A long and almost scary but very scenic bus journey took me to Salento, the beautiful small city that perfect to visit the Eje Cafetero – where I could learn the secrets of Colombian coffee – and the incredible Valle de Cocora, with its 60 meters high wax palm trees.
My final stop, on the way to Ecuador, was Popayan, a very well preserved example of Spanish colonial architecture.
Find out more about Colombia.
Yes, I know my first few posts after coming back from Cuba sounded like I was a nerve wreck. I probably was. I admit I did not get much of Cuba while there, and with my “rich white girl” (ok, I am a girl and I am white but I am definitely not rich) it was hard to understand the point of view of someone whose daily life is a challenge to get by. All I did while there was trying not to get ripped off, which made me defensive and not very communicative. I should have relaxed, and live like a Cuban, I suppose. Quite simply, enjoying whatever I could get.
Now, sitting in front of my computer screen all day, living the hectic life, feeling the need to communicate whatever I do, however I feel, and to check what’s happening in the world, now that I have embarked on yet another task which keeps me connected with the world – this very blog – I can say I miss Cuba, and I want to be taken back there. I miss that simple life, where people talk face to face, or by phone. Where computers are not a must-have, where food is bought fresh every day, and there are only local products, where there’s not the problem of having to choose between a million kinds of cereals, shampoos, lotions and what not. Yes, I miss all that. I miss that tranquility.
And the mojito I made yesterday for my friend who celebrated her birthday at a local bar is only a demonstration of that. She’s been to Cuba several time, she is terribly in love with it too. She knew this was going to happen to me too. And when I was acting as a bartender and I handled her the fresh mojito, and told her “take me back to Cuba”, she laughed, knewing this was coming.
If you want my two cents, I think that every single day you spend in Cuba you should try to put yourself in the shoes of Cubans. Try to communicate, try to appreciate their life, try to understand their problems and share yours. Ask, listen, don’t act like a typical tourist, don’t expect to “buy” things as you would do in your own country, don’t expect the same kind of services you’d get back home.
No matter how much money you have, you can’t buy Cuba, Cuba is not for sale.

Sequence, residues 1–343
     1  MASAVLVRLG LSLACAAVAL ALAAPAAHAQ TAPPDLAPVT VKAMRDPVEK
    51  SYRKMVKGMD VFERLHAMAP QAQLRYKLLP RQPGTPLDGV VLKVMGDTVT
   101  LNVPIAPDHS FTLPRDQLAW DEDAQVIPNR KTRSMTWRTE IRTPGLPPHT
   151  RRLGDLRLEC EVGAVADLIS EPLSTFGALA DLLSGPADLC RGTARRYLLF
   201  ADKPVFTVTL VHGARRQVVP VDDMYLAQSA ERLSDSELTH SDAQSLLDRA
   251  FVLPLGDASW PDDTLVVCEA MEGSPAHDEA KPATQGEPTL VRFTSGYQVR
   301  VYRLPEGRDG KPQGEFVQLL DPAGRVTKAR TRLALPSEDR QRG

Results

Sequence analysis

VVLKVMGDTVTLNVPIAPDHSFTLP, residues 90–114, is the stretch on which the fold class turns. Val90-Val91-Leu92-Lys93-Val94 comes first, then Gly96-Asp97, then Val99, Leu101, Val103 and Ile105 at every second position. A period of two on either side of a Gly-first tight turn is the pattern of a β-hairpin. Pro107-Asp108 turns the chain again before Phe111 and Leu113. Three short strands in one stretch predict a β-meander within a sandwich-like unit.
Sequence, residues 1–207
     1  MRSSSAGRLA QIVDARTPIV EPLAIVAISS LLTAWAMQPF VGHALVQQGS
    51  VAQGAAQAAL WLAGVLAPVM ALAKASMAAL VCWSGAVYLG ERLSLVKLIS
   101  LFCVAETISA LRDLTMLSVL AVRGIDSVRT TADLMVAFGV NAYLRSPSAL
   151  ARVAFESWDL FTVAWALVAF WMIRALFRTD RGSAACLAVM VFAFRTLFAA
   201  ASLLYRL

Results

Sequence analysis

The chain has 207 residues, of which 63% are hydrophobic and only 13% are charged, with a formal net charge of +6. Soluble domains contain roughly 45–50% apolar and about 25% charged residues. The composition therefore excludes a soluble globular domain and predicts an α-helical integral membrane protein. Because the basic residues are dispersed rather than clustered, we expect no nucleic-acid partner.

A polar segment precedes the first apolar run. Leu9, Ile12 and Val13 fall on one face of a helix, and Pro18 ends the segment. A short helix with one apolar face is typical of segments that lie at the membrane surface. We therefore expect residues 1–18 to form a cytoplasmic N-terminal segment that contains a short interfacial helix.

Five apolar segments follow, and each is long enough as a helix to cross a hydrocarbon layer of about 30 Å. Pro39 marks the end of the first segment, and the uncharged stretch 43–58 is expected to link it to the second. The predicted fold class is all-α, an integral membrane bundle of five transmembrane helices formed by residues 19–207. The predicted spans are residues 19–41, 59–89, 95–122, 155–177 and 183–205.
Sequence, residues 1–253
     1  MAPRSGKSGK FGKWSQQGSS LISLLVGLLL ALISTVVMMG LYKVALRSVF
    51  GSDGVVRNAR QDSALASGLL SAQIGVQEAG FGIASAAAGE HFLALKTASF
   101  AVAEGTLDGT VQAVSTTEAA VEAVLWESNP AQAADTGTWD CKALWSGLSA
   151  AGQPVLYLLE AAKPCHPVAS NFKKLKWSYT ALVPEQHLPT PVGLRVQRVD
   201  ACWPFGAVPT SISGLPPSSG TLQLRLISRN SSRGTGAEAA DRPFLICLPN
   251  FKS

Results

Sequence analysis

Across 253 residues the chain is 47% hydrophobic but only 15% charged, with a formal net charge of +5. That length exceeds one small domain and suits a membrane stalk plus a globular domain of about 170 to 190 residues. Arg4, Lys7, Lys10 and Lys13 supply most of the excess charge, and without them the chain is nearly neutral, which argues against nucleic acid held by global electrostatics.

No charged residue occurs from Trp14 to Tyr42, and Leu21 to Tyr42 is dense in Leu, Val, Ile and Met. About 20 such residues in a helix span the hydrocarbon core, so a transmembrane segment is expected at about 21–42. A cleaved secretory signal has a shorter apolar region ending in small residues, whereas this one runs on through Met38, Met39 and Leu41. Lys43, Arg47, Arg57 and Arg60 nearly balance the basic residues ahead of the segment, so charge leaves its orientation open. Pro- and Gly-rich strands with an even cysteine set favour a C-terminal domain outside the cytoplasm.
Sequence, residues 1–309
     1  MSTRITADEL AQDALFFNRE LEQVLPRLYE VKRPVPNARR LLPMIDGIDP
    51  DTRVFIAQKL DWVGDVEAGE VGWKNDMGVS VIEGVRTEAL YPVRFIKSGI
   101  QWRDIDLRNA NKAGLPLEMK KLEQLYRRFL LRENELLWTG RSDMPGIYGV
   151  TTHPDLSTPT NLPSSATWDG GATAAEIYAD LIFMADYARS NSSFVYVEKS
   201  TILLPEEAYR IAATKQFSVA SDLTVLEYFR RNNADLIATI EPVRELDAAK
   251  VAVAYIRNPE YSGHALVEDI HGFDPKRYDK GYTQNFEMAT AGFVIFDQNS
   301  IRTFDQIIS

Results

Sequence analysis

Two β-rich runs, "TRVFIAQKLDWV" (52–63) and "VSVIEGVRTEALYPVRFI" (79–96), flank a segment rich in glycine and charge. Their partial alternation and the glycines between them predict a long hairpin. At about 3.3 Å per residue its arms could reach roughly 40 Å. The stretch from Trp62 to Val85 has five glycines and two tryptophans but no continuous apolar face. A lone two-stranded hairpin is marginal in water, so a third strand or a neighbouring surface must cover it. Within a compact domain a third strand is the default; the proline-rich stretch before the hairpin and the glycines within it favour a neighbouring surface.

Forget cell phones, whatsapp, facebook, wireless connection: just have a good time!
Ah, the pace of life as it used to be back in the days – how I miss that.
Before travelling to Cuba, my friends recommended that I stay in touch with them! After all – they suggested – you are going to log on the internet every now and then, check your email, look at your facebook page.” You see, I sit in front of a computer screen all day, every day – or so it seems. I thought to myself: what is the point of going on holidays to exotic places if I end up living the same life I live at home? I promised myself that I would cure my facebook and cell phone addiction, knowing it would be fairly easy to do in Cuba. I purposedly only topped up my cell phone with 15 euro, knowing I would most likely be unable to top up from Cuba, and warned my parents and friends not to call me, but at most send text messages (roaming is waaay too expensive), and I promised I would send a text home every so often. It is very difficult to get Cubacell sim cards for foreigners, so I had to make do with whatever credit I had on my cell phone.
Wireless basically does not exist in Cuba, so checking emails on the cell phone was not an option. And bless for that! People in Cuba like talking on the phone. Anything is done over the phone. Want to book a room in a casa particular? You call, ask questions, see what they have to say. Want to have informations on buses? You call, or go to the station. Front desk at travel agencies have no computers. When you book a tour, everything is done manually, and via phone. Computers are so rarely seen, and the internet connection so slow anyways, that I never even considered for a moment to get on the web. It would have been a waste of money, time and energy. So, I relaxed.
Whenever I wanted to call home, I would go to an Etecsa point, top up an international calling card, and make the phone call from a phone booth. If Etecsa was closed (such as at weekends, or after office hours), I would have to wait till the day after.
I learned to wait. I learned to switch off, to forget about my phone (I left it off for days!). I learned to take my time in talking to people and ask for directions and explanations – after all, there was no google, wikipedia, or anything similar to easily access information. I had to take it easy, one way or another. So I did.
With all the difficulties I found in travelling around in Cuba, where there hardly is any free commerce, where even when you have enough money you can hardly find what you need, I can say that the lack of easily accessible communication made my life nicer and my holiday a real break. At times the electricity would go on and off and at 9:30 I had to be in bed, nothing else left to do but talking to my just as exhausted sister. Have I missed anything? Has the world stopped just because I could not observe it through a computer screen, a cell phone, tv, read it on a paper or whatever else? Surely not. But I can promise you, the day after I was so rested.
Care to know more of my Cuban adventures? Read my other posts.